Make friends.
Thanks to the COVID-19 pandemic, American adults are more isolated than ever; in a recent survey, 49% reported they had three or fewer friends, and 12% said they had no close friends (see Friendship Study). Joining a write-in could help you make friends AND get writing done. What’s not to love?

Where Can I Find a Write-In?

Thanks to videoconferencing, anyone can join a write-in from anywhere in the world as long as they have a decent internet connection. In-person write-ins are also resuming in many communities. Here are a few places to find a write-in:

1. Your city’s NaNoWriMo group. Visit, create an account, and under Community, select Find a Region. Arizona NaNo regions include Flagstaff, Tucson, East Valley, Patagonia, Phoenix, Prescott, Yuma, and Elsewhere. Some NaNo groups are resuming in-person write-ins this year, and many do virtual write-ins as well.

2. Other local writing groups. To find them, search Facebook or or check with your local public library. 

3. Professional associations. Sisters in Crime ( offers several write-ins per day throughout NaNoWriMo and occasionally during the rest of the year. Check with your favorite association to see what’s available.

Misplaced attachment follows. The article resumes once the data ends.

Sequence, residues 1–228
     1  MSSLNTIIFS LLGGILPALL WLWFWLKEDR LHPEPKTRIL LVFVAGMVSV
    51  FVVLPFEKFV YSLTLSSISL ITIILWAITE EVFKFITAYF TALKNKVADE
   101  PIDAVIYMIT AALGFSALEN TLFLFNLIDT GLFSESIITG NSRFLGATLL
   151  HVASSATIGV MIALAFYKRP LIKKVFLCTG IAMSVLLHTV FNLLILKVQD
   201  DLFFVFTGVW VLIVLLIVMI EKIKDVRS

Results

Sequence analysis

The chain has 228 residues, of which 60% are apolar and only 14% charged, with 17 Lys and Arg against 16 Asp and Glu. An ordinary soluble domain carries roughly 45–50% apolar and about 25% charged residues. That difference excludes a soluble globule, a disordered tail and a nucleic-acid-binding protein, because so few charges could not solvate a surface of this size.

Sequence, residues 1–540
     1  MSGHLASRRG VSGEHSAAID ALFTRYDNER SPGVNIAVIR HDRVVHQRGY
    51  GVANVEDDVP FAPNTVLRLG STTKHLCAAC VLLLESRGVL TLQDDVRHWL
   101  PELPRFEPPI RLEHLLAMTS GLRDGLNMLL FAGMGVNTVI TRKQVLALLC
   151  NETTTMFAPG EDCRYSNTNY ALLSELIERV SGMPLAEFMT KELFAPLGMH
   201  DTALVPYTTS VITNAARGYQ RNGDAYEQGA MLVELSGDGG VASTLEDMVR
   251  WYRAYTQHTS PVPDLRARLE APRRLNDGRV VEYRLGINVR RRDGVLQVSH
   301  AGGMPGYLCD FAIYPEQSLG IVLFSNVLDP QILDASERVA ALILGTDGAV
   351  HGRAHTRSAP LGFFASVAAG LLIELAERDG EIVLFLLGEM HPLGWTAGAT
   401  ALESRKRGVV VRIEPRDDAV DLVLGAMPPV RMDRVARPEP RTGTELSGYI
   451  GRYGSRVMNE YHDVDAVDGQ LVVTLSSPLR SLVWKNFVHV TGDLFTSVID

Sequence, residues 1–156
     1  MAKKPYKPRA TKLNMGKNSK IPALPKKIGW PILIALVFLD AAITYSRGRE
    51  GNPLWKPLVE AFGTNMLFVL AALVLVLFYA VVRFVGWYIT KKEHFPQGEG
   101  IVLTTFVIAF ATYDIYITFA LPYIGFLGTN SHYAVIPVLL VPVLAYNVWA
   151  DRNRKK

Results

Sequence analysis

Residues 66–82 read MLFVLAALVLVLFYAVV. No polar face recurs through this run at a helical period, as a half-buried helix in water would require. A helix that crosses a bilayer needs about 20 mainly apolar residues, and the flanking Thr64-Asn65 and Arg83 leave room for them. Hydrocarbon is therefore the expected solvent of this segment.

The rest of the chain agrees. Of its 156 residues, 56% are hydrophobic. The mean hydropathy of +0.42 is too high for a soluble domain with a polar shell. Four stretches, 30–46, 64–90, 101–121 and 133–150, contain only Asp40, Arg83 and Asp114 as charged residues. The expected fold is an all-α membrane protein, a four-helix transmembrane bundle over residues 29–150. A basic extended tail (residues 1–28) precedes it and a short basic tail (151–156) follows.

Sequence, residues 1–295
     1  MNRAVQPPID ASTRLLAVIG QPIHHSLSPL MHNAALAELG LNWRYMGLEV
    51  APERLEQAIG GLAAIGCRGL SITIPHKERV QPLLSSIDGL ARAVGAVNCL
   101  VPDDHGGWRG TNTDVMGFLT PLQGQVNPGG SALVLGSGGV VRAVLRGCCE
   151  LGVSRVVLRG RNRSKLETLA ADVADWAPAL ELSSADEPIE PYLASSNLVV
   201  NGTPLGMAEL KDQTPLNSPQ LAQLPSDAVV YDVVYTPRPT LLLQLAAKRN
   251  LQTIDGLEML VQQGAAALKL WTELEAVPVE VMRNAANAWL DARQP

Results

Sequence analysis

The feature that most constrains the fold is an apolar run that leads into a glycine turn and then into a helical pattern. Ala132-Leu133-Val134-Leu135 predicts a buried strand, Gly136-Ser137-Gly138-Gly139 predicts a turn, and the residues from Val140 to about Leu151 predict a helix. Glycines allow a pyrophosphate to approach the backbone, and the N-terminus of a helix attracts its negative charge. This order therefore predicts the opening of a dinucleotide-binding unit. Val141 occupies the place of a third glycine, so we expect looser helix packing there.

4. Online writing communities. Some writing instructors have created online communities for their students, and some of those communities include write-ins. For example, I take classes from Margie Lawson ( and some of her students and instructors host write-ins—including (drum roll please)—me!

How to Join My Write-In

I host a write-in through every Saturday morning from 7-8 AM with an optional social time from 6:30-7:00 (No, “AM” is not a misprint, and yes, a copious amount of caffeine is involved). There are three other write-ins available if you don’t want to drag yourself out of bed early on a Saturday. To join any of them:

1. Go to and sign up for an account. It’s free, and all you need is an email and a password.
 3. Click Add to Cart (don’t worry—it’s still free)
 4. Click either View Cart or Go to Checkout
 5. Click Place Order

You’ll get the Zoom links for all LWA write-ins, including mine, on the next screen and in your email. You can also access the classroom forums to chat with other writers. I don’t get any kind of compensation for either referring you to LWA or hosting the write-ins. 

I’m also willing to host a separate write-in for Arizona Authors Association members. If you’re interested, shoot me an email (, and we’ll get something scheduled.